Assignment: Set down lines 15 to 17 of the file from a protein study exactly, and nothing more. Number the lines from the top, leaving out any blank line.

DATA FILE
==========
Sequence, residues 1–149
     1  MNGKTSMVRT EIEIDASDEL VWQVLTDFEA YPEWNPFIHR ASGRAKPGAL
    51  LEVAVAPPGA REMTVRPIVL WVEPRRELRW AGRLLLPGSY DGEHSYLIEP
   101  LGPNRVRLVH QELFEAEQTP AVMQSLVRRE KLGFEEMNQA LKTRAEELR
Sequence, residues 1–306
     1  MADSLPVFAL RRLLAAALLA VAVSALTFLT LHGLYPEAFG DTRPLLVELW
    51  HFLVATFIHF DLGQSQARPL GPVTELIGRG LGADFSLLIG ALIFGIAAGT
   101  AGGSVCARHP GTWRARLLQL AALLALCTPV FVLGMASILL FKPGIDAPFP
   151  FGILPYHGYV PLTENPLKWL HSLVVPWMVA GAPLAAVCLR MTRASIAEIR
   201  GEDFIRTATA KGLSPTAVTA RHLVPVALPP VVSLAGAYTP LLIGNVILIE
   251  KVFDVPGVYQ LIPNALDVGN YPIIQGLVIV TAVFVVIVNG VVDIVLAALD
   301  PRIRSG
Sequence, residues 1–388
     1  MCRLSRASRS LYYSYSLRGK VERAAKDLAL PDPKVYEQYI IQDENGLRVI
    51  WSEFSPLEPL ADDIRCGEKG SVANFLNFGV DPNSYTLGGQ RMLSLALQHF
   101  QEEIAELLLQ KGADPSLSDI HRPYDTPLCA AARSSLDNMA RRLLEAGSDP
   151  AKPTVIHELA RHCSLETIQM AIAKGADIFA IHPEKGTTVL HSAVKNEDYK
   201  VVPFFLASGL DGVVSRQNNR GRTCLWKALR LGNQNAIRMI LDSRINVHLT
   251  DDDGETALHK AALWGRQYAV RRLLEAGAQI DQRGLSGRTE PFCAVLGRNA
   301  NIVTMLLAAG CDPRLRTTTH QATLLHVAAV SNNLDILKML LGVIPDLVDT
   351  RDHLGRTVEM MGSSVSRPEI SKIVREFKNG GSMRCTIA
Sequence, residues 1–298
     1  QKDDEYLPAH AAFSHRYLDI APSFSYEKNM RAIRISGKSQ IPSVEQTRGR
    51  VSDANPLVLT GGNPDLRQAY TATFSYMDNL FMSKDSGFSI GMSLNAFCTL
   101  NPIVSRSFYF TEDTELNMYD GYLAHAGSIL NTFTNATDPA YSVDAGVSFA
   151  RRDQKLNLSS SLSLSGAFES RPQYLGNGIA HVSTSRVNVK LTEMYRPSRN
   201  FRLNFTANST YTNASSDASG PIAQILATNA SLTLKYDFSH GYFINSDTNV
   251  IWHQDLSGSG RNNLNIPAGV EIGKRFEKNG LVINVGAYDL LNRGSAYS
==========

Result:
    51  WSEFSPLEPL ADDIRCGEKG SVANFLNFGV DPNSYTLGGQ RMLSLALQHF
   101  QEEIAELLLQ KGADPSLSDI HRPYDTPLCA AARSSLDNMA RRLLEAGSDP
   151  AKPTVIHELA RHCSLETIQM AIAKGADIFA IHPEKGTTVL HSAVKNEDYK